For a lot of people, the idea that we could possibly be approaching drought conditions is inconceivable.
Particularly since this summer was one of the wettest – and coolest – on record.
So, how can this be possible?
“We haven’t had a major rainfall since the middle of September,” said state Climatologist Dr. John Christy of the University of Alabama in Huntsville. “The stream flows only now have started to show a decline.”
The norm for rainfall in September is 4.2 inches but locally the average for the month was about 1 inch.
Though the state is still ahead of its annual rainfall because of the rain earlier in the year, . the rain earlier in the year, However, Christy said there will be a drought recommendation. In particular, he said, there are a couple of bands that are “abnormally dry.” One such band stretches from Pickens County northeastward to about Chattanooga; Limestone County is on the northern edge of that band.
The Arctic front that will be moving through the area today won’t help improve the conditions, either.
“The dry, cold winds help dry out and will exaggerate the drought conditions,” Christy said.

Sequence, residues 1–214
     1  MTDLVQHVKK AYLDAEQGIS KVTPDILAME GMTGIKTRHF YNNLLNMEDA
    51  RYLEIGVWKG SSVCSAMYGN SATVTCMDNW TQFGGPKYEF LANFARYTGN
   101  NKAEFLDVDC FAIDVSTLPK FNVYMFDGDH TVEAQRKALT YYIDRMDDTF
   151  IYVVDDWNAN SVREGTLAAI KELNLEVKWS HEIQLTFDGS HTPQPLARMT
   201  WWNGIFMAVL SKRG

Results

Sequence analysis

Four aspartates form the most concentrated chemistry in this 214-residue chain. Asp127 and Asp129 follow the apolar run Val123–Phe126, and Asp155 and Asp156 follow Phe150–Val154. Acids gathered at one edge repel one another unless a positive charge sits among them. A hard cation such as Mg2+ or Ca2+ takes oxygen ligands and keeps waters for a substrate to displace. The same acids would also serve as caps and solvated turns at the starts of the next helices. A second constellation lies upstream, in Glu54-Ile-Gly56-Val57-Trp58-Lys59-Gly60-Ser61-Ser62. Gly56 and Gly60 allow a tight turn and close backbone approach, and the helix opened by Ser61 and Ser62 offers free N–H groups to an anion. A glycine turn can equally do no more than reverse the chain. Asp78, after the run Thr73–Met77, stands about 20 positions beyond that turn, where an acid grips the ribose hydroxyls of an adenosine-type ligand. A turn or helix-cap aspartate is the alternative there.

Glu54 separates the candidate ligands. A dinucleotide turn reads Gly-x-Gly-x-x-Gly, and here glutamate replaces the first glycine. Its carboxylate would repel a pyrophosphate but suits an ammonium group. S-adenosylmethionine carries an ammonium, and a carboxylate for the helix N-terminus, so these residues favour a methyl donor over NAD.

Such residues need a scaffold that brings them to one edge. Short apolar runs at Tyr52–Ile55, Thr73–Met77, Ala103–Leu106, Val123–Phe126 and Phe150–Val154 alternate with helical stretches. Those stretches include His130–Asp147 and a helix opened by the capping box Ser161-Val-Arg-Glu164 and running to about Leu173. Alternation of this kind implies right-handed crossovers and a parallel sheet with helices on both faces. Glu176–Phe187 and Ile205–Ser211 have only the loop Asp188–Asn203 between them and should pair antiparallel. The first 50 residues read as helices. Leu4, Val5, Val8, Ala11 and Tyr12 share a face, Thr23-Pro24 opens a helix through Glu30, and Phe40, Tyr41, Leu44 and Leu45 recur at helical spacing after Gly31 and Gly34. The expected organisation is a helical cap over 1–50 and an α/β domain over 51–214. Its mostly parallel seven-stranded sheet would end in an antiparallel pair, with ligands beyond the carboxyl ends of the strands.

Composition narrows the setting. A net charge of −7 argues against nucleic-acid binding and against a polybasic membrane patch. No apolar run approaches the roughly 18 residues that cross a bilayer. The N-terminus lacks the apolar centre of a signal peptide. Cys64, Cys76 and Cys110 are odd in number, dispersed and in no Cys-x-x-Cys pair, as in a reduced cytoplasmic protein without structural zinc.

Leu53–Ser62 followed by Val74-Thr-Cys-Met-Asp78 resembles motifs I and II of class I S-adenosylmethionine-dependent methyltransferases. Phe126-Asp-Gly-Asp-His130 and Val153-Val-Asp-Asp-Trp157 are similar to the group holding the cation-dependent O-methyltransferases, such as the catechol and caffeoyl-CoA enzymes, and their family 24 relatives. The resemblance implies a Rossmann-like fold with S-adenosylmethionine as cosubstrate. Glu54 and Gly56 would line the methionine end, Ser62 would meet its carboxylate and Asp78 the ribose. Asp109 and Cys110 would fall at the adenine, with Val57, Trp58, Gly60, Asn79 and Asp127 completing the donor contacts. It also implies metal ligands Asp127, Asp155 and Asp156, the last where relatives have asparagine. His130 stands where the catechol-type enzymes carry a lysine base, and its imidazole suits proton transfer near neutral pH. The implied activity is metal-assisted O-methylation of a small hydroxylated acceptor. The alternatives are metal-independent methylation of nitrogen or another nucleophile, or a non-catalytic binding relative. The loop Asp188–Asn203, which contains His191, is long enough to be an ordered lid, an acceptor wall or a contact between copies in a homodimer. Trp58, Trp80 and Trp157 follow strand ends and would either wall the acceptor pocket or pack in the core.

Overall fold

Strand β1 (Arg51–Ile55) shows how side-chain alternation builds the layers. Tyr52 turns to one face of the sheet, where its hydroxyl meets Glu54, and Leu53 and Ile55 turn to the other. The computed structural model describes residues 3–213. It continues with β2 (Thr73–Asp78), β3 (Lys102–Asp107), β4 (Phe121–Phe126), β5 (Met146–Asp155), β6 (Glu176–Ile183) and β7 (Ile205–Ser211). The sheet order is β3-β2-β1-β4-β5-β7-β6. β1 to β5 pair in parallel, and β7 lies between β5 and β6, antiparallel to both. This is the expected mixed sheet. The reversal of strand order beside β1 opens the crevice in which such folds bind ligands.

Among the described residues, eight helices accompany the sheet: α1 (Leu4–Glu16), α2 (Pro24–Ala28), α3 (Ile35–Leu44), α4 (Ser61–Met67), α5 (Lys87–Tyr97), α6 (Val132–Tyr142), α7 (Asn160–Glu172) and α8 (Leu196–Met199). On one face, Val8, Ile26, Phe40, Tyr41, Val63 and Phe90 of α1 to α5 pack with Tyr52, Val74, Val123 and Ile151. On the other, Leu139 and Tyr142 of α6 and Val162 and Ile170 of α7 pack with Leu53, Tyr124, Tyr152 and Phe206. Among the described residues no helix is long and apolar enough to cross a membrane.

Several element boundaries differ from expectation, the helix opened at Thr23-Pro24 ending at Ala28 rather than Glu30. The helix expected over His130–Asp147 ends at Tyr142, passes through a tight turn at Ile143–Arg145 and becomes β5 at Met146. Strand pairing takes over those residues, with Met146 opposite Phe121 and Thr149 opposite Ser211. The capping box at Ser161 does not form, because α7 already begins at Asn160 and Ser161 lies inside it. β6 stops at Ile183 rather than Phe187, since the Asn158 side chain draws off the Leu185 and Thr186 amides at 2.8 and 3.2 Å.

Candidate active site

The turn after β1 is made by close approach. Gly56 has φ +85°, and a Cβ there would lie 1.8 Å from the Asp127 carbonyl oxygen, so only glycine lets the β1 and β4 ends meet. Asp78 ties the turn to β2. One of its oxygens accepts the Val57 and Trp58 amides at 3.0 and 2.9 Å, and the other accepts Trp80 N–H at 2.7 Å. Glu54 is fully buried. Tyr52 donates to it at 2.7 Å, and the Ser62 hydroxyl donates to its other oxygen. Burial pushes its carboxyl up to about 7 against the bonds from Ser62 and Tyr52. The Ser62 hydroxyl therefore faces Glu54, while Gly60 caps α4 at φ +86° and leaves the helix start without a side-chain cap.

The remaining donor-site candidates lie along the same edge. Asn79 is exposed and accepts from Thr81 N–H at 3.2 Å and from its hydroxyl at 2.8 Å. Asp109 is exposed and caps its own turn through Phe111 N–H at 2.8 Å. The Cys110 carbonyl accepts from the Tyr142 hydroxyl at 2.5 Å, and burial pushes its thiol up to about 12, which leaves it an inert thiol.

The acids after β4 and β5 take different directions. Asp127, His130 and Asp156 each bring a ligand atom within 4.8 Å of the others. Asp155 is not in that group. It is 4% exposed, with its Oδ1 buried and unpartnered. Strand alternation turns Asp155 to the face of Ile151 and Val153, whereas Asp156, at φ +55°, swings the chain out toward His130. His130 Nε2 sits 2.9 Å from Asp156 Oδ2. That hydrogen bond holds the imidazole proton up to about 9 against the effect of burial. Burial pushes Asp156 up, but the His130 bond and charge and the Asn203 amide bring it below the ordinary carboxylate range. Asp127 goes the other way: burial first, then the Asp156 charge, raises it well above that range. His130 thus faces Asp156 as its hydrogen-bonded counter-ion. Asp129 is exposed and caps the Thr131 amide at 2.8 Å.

The time period from mid-September to mid-October is normally dry, he said. Christy also said there could likely be outdoor burn warnings issued.
Coincidentally, area firefighters responded to several calls Monday about grass and brush fires.
“It’s odd because we think of fire dangers in the summer,” he said. “Fall is worse than spring because the leaves and grass are turning brown and dying.
“They’re ready to burn.”
He doesn’t have any good news, either, to those who would like to see some precipitation down the road.
“The long-range forecast doesn’t give much hope,” Christy said. “El Nino and la Nina (Pacific Ocean-based weather systems) are not play in this year.”
And with that, he offers his forecast.
“I’m a climatologist and look out the rear window,” he said. “The forecasters look out the windshield.
“With this being a ‘neutral year’ (no el Nino or la Nina), be ready for anything. Be prepared.”